Take a job offer from good to great
As the job market picks up, too many of us may be tempted to accept too little for our next position. Here are some tips for maximizing your next career move.
September 29, 2010 4:34 by Katherine Azmeh
The job market is picking up, according to Emirates 24-7. But given what we’ve all been through, too many of us may be tempted to take the first offer that comes along – particularly if it offers “most” of what we’re looking for.
Employers know that a tough employment market gives them the leverage they need to offer a rock bottom salary, so Kipp sifted through tips from career experts to give you some guidelines that could help take an attractive job offer from good to great.
1. Begin with some soul searching. Before you can negotiate, you have to define an acceptable salary range based on industry research. What are professionals in your field earning, on average? Then, evaluate your personal salary worth based on factors like experience, educational and professional credentials, and previous salary.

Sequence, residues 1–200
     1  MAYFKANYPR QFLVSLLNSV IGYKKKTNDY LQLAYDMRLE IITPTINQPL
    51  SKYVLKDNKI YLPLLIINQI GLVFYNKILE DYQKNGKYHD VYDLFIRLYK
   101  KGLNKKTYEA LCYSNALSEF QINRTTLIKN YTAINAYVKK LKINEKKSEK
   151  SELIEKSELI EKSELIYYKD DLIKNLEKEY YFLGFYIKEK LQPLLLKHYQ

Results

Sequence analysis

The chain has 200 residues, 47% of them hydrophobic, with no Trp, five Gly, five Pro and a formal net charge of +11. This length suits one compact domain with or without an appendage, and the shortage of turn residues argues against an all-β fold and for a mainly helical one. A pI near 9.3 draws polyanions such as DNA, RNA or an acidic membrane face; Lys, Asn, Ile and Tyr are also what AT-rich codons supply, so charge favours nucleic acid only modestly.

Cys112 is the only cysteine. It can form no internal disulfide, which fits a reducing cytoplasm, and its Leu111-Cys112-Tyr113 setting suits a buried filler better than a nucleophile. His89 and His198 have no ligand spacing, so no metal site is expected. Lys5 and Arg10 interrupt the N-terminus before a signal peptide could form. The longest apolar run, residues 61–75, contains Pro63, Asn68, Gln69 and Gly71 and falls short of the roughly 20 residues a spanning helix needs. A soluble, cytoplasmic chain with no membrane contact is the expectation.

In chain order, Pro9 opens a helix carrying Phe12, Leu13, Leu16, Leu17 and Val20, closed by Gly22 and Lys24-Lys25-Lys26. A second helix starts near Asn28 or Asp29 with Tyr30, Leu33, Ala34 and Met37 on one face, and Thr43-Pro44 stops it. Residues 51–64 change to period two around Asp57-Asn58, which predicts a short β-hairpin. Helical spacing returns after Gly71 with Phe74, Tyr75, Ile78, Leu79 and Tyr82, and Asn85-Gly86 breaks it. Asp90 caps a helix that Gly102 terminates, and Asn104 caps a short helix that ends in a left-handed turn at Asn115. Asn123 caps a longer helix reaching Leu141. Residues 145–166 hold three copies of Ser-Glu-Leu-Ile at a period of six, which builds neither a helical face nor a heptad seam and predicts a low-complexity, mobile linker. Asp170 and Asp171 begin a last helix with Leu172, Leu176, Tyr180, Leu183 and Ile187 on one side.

2. In order to negotiate up to that magic number, determine the overall value of the package you’ve been offered. Factor in non-monetary aspects of the offer, including commute time, professional advancement opportunities, work environment, and lifestyle factors. In other words, don’t look at salary alone.
3. Put a price tag on everything: It’s easy to focus on the monetary bottom line, but career experts say you should put a dollar value on all aspects of the offer. “I was trying to decide between two jobs with drastically different salaries,” explains Kaitlynn, a private school teacher from the UK. “The school offering the lower salary was located within 3 miles of several nice, affordable flats, while the second offer was about 20 miles from residential areas. I chose the lower offer, because of its proximity — when you put a dollar value on gasoline, car repairs, and the more abundant housing choices, the lower salary looked more competitive”
So before you consider negotiating salary, be sure that you know your own salary ideal – as well as your lower limits. Once you’ve assigned a monetary value to each aspect of the employment package, you’ll know exactly where you stand in the negotiations.
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